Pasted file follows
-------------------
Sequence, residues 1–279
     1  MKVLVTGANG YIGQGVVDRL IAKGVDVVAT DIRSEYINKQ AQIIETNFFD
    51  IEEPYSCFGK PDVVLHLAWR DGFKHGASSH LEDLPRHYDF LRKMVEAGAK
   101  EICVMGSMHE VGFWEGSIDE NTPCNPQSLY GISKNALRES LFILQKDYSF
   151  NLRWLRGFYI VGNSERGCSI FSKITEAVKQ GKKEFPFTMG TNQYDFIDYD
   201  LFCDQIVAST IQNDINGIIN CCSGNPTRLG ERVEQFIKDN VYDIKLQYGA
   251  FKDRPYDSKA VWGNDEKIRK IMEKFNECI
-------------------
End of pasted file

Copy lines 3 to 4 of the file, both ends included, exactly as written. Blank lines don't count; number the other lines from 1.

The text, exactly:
    51  IEEPYSCFGK PDVVLHLAWR DGFKHGASSH LEDLPRHYDF LRKMVEAGAK
   101  EICVMGSMHE VGFWEGSIDE NTPCNPQSLY GISKNALRES LFILQKDYSF